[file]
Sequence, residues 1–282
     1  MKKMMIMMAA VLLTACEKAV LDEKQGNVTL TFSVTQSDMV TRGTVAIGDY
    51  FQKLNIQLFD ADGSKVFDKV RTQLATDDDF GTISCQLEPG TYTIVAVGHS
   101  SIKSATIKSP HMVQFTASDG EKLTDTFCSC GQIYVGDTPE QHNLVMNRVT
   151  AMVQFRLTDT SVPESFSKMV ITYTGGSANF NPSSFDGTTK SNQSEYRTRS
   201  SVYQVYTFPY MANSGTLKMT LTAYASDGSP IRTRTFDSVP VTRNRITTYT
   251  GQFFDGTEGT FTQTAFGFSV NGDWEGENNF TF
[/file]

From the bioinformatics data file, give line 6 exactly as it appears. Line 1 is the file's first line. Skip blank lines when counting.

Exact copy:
   201  SVYQVYTFPY MANSGTLKMT LTAYASDGSP IRTRTFDSVP VTRNRITTYT